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Published April 27, 2011
New Mexico Drought Status(through 4/19/11)
Data Source(s): New Mexico State Drought Monitoring Committee, U.S. Drought Monitor
Another exceptionally dry month caused further deterioration of drought conditions across New Mexico. The entire state is currently classified with abnormally dry conditions or a more severe drought category, according the April 19, 2011, National Drought Monitor report (Figures 5a–b). In the past 30 days, drought conditions dramatically intensified across the southern two-thirds of the state, where severe conditions expanded northward and extreme drought expanded north and eastward. About 42 percent of the state is currently classified with severe drought and 33 percent is classified with extreme drought, compared to just 36 and 10 percent, respectively, in mid-March. The National Weather Service in Albuquerque reported that March was the third driest on record over the past 117 years. Statewide, New Mexico has recorded only 30 percent of average precipitation for the past three months, the critical winter wet season. The National Weather Service also reported that widespread fire restrictions are in place across the state in response to the severity of drought conditions.Notes:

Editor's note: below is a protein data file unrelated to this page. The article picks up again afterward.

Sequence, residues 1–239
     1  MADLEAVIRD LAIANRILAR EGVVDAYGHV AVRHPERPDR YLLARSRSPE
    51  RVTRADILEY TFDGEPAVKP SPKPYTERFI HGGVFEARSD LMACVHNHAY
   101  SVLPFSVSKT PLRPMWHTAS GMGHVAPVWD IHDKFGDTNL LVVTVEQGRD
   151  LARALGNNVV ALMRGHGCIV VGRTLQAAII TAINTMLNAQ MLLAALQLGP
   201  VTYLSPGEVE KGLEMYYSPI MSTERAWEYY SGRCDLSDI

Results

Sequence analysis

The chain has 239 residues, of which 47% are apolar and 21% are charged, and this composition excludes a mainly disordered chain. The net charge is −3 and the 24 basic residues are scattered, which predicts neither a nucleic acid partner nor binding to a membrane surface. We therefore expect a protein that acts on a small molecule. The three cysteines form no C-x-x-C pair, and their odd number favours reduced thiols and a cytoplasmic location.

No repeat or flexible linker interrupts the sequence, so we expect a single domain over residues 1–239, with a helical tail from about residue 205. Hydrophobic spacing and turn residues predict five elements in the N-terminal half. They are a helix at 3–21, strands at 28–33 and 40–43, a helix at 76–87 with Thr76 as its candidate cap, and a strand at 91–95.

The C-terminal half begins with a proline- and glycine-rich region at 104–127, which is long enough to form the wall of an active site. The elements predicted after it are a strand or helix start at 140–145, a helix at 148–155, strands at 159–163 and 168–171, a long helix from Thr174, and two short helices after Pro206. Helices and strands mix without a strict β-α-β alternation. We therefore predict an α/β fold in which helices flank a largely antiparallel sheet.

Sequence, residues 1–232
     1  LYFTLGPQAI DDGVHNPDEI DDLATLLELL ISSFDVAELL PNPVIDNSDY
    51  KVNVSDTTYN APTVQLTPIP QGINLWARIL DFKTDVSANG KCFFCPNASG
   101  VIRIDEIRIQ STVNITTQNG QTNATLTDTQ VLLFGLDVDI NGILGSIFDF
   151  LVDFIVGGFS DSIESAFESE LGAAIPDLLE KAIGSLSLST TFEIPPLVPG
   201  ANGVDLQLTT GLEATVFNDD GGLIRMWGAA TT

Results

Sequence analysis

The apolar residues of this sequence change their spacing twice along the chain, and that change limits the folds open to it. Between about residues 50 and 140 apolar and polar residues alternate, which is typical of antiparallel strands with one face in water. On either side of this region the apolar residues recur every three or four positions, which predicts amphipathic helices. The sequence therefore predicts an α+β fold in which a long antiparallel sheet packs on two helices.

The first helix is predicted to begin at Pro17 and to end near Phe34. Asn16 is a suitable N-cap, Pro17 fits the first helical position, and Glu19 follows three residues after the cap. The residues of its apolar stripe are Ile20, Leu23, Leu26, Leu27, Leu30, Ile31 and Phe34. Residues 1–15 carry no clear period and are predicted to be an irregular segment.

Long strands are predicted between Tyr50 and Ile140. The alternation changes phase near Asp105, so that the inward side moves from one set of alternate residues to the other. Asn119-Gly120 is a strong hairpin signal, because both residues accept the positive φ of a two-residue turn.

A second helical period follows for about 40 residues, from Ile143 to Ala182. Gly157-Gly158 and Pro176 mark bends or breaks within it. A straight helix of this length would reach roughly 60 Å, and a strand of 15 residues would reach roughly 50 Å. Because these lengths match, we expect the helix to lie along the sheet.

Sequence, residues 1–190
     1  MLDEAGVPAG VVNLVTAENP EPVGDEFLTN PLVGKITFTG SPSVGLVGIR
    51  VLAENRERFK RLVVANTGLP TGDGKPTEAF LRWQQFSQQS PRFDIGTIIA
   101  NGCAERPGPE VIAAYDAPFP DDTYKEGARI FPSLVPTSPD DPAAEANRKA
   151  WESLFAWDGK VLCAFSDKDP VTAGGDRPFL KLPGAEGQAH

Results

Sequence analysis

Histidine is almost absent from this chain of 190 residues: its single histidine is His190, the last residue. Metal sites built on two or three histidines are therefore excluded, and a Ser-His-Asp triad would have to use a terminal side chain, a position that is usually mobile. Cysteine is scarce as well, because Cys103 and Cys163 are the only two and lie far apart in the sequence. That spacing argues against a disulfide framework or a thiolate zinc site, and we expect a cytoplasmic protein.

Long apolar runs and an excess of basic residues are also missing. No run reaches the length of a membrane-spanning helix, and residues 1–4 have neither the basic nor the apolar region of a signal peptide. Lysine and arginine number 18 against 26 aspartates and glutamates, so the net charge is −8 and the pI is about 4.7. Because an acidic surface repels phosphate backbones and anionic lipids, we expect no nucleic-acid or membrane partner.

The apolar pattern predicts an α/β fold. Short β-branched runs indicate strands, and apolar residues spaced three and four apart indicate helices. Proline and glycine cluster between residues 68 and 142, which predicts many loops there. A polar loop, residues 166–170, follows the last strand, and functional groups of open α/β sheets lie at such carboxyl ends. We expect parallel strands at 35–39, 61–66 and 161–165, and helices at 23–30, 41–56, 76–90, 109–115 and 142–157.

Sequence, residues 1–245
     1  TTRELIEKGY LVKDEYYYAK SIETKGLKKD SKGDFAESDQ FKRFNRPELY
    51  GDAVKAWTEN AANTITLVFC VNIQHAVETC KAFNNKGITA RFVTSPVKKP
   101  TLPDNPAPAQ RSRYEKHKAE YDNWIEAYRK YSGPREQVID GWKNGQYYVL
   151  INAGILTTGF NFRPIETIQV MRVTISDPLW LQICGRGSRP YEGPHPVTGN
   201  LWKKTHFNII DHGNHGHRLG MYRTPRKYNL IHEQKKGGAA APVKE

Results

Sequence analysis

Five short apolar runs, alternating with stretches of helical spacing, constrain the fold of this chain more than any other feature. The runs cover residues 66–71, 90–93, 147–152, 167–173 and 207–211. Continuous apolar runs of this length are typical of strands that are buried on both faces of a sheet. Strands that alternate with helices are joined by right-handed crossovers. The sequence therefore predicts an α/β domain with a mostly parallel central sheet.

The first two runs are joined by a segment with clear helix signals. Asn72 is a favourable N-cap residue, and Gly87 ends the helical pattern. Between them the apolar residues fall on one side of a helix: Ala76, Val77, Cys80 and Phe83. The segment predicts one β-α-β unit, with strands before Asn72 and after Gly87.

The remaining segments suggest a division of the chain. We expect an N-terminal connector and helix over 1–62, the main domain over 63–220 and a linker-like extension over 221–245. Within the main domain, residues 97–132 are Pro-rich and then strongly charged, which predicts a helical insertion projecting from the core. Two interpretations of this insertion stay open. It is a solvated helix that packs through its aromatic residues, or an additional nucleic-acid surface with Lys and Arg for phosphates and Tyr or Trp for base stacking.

The New Mexico section of the U.S. Drought Monitor is released weekly (every Thursday) and represents data collected through the previous Tuesday. The maps are based on expert assessment of variables including (but not limited to) the Palmer Drought Severity Index, soil moisture, streamflow, precipitation, and measures of vegetation stress, as well as reports of drought impacts. It is a joint effort of several agencies.
This summary contains substantial contributions from the New Mexico Drought Working Group.
For the most current drought status map, visit:
For the most current Drought Status Reports, visit:
Southwest Climate Outlook Staff
- Michael Crimmins, UA Extension Specialist
- Stephanie Doster, Institute of the Environment Editor
- Gregg Garfin, Founding Editor, Institute of the Environment
- Zack Guido, Managing Editor, CLIMAS Associate Staff Scientist
- Nancy J. Selover, Arizona State Climatologist
- Jessica Dollin, CLIMAS Publications Assistant
- Dave Dubois, New Mexico State Climatologist
Please direct your Southwest Climate Outlook comments and suggestions to Zack Guido.
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